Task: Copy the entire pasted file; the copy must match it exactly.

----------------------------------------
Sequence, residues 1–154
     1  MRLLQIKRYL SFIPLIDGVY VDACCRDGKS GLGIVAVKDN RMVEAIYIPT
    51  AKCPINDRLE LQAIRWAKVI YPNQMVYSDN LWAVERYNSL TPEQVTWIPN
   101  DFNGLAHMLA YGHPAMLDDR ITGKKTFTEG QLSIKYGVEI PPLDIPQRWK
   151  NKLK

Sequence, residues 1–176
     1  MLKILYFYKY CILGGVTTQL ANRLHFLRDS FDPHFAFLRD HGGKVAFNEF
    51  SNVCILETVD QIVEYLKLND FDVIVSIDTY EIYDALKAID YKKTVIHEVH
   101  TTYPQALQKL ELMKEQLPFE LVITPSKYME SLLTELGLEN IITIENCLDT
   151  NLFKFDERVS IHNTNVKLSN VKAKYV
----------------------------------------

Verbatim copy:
Sequence, residues 1–154
     1  MRLLQIKRYL SFIPLIDGVY VDACCRDGKS GLGIVAVKDN RMVEAIYIPT
    51  AKCPINDRLE LQAIRWAKVI YPNQMVYSDN LWAVERYNSL TPEQVTWIPN
   101  DFNGLAHMLA YGHPAMLDDR ITGKKTFTEG QLSIKYGVEI PPLDIPQRWK
   151  NKLK

Sequence, residues 1–176
     1  MLKILYFYKY CILGGVTTQL ANRLHFLRDS FDPHFAFLRD HGGKVAFNEF
    51  SNVCILETVD QIVEYLKLND FDVIVSIDTY EIYDALKAID YKKTVIHEVH
   101  TTYPQALQKL ELMKEQLPFE LVITPSKYME SLLTELGLEN IITIENCLDT
   151  NLFKFDERVS IHNTNVKLSN VKAKYV